I'm not sure how "normal" is is to have more than one instructor, but I actually have four. The most I've trained with at one time was three, which seems like a lot, really. But there is a story behind it all.
I started Goju at my son's instructor - Sensei F's - invitation to just "try" it. Somehow, I think he knew I'd be hooked. But as my interest in this new thing grew, I felt kind of limited by the fact that Sensei F's class only met once a week. He graciously pointed us to a sister dojo one county over, whose head instructors - Sensei M and Sensei R - came through the ranks with him. Their classes met twice during the week on days that didn't conflict with my home class. Some things were done differently - especially in kata - which made me kind of scratch my head because the two schools were not only part of the same clan, but taught by folks who had been taught together. Hmmm. But my son and I - and later the training partners from our home dojo who eventually joined us for treks across the bridge - just adapted a "When in Rome..." attitude and acted accordingly. Consequently, we learned two different ways to do many of the self-defense techniques and katas we were required to learn. For almost four years we traveled and learned. We also asked questions that weren't always answered, but that's another story.
It's funny how the things you do seem perfectly sane while you're doing them. But now, the thought of doing the same techniques two different ways with both being accepted as "the standard" seems utterly ridiculous. And just when it seemed things couldn't get any weirder, we started traveling to yet another dojo.
Since the Tuesday/Thursday classes across the river kind of dwindle down to a trickle once summer rolls around (meaning that since Sensei M and Sensei R aren't around too much, you never know which guest instructor or shodan will be leading the class) and since the idea of going from three nights a week of class to one was not one I was willing to entertain, we took Sensei S up on his long standing offer to come train with him and his students as a way to supplement what we were already doing. My son, training partner Ed, and I have been traveling an hour each way twice a week since June to get to his class as a result. Although we couldn't continue to travel so far every Tuesday and Thursday once school began again, my son and I still make it at least once a week.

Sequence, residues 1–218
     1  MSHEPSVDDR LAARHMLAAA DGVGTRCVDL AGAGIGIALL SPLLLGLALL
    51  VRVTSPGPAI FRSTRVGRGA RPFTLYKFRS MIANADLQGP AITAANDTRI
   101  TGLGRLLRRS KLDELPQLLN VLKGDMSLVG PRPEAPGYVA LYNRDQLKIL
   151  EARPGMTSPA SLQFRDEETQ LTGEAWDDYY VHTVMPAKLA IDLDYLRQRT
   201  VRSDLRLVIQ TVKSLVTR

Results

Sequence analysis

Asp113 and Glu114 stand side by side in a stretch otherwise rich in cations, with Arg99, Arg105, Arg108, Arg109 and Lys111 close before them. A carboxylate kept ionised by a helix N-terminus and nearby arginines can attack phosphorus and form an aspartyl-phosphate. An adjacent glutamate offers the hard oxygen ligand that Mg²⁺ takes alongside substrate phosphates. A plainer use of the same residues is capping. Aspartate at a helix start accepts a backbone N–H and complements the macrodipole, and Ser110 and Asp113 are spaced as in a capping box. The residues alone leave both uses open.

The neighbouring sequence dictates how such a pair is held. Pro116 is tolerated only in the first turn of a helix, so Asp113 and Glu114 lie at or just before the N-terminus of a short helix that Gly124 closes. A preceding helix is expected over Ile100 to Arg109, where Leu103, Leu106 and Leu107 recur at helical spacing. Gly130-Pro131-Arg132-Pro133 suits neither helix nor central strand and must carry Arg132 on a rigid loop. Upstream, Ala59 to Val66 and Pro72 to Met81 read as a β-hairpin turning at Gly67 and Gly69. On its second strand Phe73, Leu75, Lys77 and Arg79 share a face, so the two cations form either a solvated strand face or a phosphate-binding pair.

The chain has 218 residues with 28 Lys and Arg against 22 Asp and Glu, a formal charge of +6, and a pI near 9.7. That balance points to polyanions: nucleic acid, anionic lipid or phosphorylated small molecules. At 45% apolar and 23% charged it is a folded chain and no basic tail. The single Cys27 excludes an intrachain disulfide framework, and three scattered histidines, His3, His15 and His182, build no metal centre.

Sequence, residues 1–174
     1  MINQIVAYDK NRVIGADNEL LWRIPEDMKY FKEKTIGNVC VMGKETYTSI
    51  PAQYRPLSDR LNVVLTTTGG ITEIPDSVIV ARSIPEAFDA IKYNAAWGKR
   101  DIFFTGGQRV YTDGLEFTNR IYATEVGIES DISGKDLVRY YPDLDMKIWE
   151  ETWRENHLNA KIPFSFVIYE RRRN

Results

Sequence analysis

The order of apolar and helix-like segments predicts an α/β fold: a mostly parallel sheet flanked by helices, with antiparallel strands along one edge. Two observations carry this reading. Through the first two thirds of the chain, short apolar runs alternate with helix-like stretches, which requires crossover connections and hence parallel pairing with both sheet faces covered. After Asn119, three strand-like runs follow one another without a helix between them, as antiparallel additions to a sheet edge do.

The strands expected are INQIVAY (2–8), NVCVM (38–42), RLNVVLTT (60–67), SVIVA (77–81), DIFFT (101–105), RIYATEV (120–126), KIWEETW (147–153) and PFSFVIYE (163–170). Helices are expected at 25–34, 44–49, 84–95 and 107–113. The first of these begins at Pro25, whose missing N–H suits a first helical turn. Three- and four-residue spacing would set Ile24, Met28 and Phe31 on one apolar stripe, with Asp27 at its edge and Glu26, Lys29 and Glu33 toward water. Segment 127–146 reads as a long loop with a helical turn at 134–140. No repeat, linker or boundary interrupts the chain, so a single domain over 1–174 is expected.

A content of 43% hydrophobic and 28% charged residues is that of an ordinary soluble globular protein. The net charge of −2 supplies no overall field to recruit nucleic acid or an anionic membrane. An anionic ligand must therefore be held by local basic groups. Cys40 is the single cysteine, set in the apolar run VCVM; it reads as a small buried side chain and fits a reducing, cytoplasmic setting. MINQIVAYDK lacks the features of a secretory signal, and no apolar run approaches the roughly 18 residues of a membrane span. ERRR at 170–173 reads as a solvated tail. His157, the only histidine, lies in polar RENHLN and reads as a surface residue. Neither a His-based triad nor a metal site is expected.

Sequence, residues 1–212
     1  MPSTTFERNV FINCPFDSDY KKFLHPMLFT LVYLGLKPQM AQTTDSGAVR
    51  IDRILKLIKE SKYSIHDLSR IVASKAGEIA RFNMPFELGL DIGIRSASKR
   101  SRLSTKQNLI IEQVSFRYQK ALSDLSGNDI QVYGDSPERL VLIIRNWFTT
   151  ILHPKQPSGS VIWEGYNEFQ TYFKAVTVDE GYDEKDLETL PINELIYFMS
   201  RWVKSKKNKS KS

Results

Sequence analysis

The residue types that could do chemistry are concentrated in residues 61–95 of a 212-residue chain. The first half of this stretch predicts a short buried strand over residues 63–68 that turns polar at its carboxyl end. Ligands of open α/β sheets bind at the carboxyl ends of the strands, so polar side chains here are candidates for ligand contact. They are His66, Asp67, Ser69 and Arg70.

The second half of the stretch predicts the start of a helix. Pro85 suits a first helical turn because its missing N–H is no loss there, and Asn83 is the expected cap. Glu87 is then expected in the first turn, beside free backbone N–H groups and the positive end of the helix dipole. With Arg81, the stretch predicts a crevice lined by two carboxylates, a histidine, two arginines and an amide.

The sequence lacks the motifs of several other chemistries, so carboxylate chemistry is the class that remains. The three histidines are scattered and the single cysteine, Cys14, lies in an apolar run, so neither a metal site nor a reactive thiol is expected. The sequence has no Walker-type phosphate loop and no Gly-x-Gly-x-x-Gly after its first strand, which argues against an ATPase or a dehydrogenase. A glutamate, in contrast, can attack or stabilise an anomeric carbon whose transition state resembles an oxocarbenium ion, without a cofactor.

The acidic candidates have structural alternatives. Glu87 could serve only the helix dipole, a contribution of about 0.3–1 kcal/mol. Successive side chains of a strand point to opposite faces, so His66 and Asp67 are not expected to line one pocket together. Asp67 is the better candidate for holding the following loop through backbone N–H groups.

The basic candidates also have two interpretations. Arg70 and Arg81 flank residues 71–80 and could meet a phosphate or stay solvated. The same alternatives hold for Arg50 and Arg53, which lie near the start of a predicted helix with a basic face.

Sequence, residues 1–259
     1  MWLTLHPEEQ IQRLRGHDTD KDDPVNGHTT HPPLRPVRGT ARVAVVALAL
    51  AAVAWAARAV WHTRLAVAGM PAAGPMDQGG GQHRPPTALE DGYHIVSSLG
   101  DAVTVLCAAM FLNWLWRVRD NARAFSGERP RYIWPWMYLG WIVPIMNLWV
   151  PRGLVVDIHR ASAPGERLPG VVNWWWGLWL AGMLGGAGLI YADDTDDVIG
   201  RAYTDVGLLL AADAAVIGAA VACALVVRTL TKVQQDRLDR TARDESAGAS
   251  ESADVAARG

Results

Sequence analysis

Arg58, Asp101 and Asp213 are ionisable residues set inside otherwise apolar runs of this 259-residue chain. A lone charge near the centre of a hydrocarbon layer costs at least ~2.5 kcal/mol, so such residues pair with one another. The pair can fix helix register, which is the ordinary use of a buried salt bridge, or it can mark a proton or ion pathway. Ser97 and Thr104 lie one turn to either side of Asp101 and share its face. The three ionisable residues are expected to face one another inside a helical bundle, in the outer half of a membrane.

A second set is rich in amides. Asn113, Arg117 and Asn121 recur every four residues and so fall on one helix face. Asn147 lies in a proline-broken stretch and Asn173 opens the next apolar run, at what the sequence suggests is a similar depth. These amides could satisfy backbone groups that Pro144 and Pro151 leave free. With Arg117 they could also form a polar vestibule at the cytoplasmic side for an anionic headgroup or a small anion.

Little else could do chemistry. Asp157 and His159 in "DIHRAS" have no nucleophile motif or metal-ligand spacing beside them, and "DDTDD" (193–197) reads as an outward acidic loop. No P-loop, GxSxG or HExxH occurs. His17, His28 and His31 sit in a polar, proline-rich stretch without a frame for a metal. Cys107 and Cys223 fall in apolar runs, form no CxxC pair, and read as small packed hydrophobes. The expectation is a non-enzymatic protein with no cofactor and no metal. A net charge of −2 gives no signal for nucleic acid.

Trouble is that now, some of the information we're getting is starting to conflict with the information we learned way back when. I'm talking polar opposites in the basic, simplest techniques. Direct contradiction is not an overstatement. Again, same style and senseis who at least started with the same instructor - but the differences are astounding.
Last week, after he'd been being ridden by Sensei S like a Kentucky Derby horse over his stances and "floating" kicks, my son said he was upset about how some of the techniques were initially taught to him. Some things - like hand positions during sparring and kata bunkai - seem so ineffective and inefficient now, and even when he asked what the techniques were or why they were done a specific way, he said he got answers suggesting that those reasons had more to do with tradition rather than working what works. He really likes going to Sensei S's class because he gets those explanations - given in practical ways that make sense to him - before he is SHOWN how and why it works. I heard him during our conversation, but last night - when it was MY turn to be that Kentucky Derby filly - I totally FELT what he was talking about.
I've come to realize that much of what I've been taught up to June feels like a watered-down version of karate, which ain't good. And since I'm now teaching a little at my home dojo - and have been asked to teach it how I learned it - I find myself in quite the pickle. If I had to go elsewhere to learn that my techniques weren't effective, I now know that the people I'm teaching those very same techniques to will hafta re-learn them at some point - which they'll have to go elsewhere to do. If they don't, they may get their butts handed to them if they ever needed to rely on those techniques in a real, live situation. In effect, I'm contributing to the watering down by default. I can't be easy with that - which means I've got some decisions to make...
Moving on means I'll be back to one-night a week class at least until summer rolls around again, which is a bad thing. But watered-down is a bad thing, too. Is bad karate better than no karate? That is the question...